Out-of-Plane Displacement Derivative Measurements Using Interferometric Strain/Slope Gage

[+] Author and Article Information
Keyu Li

Department of Mechanical Engineering, Oakland University, Rochester, MI 48309

J. Appl. Mech 63(4), 1033-1038 (Dec 01, 1996) (6 pages) doi:10.1115/1.2787225 History: Received June 06, 1995; Revised March 03, 1996; Online October 26, 2007


An optical method originally developed for measuring derivatives of in-plane displacements is redefined to measure derivatives of out-of-plane displacements. The technique is based on interference of laser beams reflected and diffracted from two microindentations closely depressed on a specimen surface. As in-plane and out-of-plane displacements cause the microindentations to move relatively to each other, the two interference fringe patterns change accordingly. Movement of the interference fringes is monitored with linear photodiode arrays and analyzed via a computer-controlled system that allows simultaneous measurements of the in-plane and out-of-plane displacement derivatives. The technique is referred to as the interferometric strain/slope gage (ISSG). Having short gage length (̃100 μm), the technique is unique for measurements of high deformation gradients and for applications in complex geometries. Its principle as well as an experimental validation of measuring bending strains/stresses and deflection slopes in a cantilever beam is presented. The experiment shows that both the first-order and second-order derivatives of out-of-plane displacements can be obtained. Measurement sensitivities to in-plane and out-of-plane rigid-body motions are systematically investigated. The technique can be potentially extended to measure large deflection angles. The derived governing equations indicate a coupling effect between the in-plane and out-of-plane components. The associated instrumentation for data acquisition and analysis is described in great detail.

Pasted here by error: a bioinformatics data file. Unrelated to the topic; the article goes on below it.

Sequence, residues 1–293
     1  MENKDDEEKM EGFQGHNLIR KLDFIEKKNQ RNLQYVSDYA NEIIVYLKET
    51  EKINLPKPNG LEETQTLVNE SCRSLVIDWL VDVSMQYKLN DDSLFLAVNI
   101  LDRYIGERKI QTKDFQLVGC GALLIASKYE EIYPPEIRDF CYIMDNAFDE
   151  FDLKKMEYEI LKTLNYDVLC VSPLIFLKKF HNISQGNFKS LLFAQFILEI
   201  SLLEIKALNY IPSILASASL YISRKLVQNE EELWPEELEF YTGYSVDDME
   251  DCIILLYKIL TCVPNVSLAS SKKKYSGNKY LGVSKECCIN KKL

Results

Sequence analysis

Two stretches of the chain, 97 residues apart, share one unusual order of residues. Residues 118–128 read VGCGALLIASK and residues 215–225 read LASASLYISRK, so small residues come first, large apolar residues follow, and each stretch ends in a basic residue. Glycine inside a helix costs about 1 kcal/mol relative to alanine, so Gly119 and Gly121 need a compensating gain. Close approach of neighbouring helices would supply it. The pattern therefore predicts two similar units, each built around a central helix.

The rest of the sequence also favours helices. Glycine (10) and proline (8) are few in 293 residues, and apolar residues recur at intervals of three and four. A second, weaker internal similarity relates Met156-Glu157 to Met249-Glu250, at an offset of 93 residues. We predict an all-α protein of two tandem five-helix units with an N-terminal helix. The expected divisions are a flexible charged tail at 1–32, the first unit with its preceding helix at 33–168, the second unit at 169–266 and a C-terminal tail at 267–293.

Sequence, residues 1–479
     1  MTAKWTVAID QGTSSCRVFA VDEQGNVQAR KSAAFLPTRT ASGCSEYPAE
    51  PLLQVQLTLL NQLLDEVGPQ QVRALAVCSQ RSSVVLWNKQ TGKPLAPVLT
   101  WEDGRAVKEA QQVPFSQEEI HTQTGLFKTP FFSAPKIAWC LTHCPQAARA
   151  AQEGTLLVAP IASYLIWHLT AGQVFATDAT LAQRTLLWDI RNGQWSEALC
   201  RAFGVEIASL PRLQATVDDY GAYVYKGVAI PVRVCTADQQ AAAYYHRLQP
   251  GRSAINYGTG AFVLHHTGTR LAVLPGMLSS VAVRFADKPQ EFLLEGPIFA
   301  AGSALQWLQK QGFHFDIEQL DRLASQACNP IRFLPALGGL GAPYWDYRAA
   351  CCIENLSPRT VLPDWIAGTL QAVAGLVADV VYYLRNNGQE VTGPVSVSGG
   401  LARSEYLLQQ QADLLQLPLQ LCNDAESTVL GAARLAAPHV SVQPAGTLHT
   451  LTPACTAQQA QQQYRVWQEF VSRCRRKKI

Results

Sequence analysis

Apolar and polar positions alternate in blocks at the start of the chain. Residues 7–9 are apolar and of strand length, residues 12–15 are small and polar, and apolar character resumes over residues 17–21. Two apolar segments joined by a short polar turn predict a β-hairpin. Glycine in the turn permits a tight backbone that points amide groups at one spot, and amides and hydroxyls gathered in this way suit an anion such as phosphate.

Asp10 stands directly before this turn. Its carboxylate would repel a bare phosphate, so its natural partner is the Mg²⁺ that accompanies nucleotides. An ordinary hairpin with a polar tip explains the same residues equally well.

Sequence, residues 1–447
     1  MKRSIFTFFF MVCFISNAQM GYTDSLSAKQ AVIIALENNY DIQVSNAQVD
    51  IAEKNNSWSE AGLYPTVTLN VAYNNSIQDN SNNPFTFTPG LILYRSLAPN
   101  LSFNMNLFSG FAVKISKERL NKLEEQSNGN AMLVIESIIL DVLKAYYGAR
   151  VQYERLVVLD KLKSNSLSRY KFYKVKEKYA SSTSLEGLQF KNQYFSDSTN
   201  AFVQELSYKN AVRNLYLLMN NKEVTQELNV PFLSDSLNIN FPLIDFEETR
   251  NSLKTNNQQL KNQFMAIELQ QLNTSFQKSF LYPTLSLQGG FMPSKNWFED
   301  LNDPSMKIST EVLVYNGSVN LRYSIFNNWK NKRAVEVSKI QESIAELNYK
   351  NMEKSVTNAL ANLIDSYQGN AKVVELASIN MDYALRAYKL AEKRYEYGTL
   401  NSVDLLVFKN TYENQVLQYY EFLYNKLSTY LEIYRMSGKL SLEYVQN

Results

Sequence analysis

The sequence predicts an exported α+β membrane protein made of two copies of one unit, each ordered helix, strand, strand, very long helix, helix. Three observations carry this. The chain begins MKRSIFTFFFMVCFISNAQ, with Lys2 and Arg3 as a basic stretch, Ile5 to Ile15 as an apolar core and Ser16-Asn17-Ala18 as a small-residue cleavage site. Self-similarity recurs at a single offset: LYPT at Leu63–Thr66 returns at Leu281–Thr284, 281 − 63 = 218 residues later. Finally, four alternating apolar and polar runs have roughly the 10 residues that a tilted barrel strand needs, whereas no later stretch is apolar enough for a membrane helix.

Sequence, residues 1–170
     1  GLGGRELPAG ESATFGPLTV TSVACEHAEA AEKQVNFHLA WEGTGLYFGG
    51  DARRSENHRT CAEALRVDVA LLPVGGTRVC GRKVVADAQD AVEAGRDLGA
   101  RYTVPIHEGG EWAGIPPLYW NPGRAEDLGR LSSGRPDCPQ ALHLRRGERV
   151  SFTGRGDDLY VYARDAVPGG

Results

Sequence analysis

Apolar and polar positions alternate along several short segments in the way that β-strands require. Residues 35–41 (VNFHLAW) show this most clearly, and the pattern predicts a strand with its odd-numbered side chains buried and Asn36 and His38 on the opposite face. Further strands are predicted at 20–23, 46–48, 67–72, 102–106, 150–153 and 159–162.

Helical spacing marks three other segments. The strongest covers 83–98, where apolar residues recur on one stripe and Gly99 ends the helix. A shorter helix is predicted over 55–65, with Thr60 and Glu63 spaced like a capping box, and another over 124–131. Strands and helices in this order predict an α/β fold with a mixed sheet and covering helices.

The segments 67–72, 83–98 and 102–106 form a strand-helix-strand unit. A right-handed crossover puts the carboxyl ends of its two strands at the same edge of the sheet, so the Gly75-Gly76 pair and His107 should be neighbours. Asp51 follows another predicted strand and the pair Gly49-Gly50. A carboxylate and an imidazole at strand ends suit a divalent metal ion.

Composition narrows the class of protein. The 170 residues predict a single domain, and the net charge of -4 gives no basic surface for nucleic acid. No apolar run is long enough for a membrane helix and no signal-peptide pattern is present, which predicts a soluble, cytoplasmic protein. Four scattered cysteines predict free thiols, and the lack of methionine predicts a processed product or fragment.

Copyright © 1996 by The American Society of Mechanical Engineers
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